Monday, 13 June 2016
Listening to Birds for 30 Days Wild
It was another dull and damp morning today, but I set off for my weekly volunteering session anyway! (You can read more about my volunteering here). As I waited at the bus stop I watched 11 swifts flying round, shrieking occasionally as they went! Colinton Dell along the Water of Leith was full of birds singing and calling! I heard: blackbird, song thrush, robin, blue tit, bullfinch, dipper, blackcap, chiffchaff, chaffinch, wren, jackdaw, woodpigeon and buzzard. If you click on each bird's name in that list you'll be taken to the appropriate page on the RSPB website where you can find out more about the bird, including the chance to listen to a sound file of the bird's song or call.
Birdsong is beautiful to listen to, it's wonderful to be in the woods, surrounded by the different songs and calls. Some people find it difficult to identify birds by their songs and if that's the case for you then don't force yourself to try to learn the songs but just enjoy them! If you can learn them though, it can add an extra element to birdwatching. You may be able to hear birds that you can't see and get a more complete picture of what's around. You can tell the difference between certain tricky species much better by song (the chiffchaff repeats its name over and over, while the willow warbler has a lovely cascading warble, yet if you try to tell them apart you need to be close enough to tell that the willow warbler has pale legs while the chiffchaff has dark legs, oh and the willow warbler has longer wings as it flies further on migration, but that can be even harder to see!).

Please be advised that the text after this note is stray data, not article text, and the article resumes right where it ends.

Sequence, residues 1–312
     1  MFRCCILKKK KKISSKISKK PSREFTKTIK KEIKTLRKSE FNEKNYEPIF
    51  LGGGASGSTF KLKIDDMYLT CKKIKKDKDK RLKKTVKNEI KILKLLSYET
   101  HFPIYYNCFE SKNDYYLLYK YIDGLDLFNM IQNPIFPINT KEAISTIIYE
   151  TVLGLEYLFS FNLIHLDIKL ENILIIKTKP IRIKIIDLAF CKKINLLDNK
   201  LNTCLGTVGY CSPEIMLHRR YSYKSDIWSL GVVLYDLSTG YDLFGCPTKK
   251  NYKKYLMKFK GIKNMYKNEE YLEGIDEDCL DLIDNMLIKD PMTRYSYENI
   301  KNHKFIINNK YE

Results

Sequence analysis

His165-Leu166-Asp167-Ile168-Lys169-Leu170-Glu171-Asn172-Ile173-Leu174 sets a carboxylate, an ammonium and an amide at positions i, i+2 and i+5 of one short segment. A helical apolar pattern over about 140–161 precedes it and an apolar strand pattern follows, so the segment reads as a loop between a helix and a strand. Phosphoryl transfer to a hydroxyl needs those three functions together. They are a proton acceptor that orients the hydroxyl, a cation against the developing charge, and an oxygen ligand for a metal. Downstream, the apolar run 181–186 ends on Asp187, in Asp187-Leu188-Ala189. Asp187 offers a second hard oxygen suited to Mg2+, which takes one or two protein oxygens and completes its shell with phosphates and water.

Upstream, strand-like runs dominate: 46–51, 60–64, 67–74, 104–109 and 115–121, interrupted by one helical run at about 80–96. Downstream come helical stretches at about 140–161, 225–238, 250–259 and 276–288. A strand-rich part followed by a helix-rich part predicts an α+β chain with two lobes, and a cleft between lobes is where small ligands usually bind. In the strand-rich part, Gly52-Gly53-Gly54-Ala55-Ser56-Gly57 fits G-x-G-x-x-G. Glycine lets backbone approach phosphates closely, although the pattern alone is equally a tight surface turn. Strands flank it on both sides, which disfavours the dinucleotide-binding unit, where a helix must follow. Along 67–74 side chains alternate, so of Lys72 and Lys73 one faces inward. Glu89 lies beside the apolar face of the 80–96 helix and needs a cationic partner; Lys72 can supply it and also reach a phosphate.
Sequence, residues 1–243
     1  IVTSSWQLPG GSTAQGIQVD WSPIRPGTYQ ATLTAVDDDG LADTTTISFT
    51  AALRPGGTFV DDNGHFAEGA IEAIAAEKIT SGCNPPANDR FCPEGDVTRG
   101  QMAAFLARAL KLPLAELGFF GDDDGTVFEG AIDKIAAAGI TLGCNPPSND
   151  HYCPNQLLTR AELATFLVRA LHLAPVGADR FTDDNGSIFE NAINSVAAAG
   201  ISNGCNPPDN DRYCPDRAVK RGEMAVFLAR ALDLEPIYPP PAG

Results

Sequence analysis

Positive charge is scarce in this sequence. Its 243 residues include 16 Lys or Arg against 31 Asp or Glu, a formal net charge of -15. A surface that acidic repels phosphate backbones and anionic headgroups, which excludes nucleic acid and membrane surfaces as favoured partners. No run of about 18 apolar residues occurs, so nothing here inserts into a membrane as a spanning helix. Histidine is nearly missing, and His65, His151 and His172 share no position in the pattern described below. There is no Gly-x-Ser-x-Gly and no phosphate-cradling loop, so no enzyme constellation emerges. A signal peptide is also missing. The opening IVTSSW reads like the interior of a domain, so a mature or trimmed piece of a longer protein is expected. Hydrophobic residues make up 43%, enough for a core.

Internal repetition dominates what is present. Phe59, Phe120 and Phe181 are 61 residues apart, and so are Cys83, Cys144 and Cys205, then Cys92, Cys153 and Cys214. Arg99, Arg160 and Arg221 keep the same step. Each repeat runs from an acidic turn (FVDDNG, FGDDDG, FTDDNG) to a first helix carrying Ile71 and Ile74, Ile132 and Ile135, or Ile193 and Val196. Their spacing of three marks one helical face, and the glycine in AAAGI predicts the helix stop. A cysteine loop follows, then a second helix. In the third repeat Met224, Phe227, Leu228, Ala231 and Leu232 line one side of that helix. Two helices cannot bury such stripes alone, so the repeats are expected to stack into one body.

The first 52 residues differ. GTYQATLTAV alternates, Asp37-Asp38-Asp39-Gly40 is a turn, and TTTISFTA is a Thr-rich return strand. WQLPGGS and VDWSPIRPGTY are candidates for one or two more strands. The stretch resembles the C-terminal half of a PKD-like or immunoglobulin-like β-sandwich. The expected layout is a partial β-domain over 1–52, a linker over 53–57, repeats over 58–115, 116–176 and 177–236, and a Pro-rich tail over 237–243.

This is one of the best times of year to listen to birdsong, at its very best if you get up earlier enough to hear the dawn chorus! But even during the day in a woodland (specially after rain!) there can be a lovely range of song and there's often a lovely dusk chorus too. Birds sing at this time of year to mark out their territory and to attract a mate. So outside the breeding season most birds don't sing (other than robins, where the male and female both sing in the winter). Birds call to each other all year of course so you'll still hear them!
The best way to learn birdsong is to start in January and listen to the sound files on the RSPB website. Then when the birds start singing (which can be as early as February for some species) you can go out and hear them. Hopefully you'll have got your ear in a bit for the resident bird-songs before the migratory birds arrive and start singing later in Spring!
What's your favourite birdsong?
for 30 Days Wild.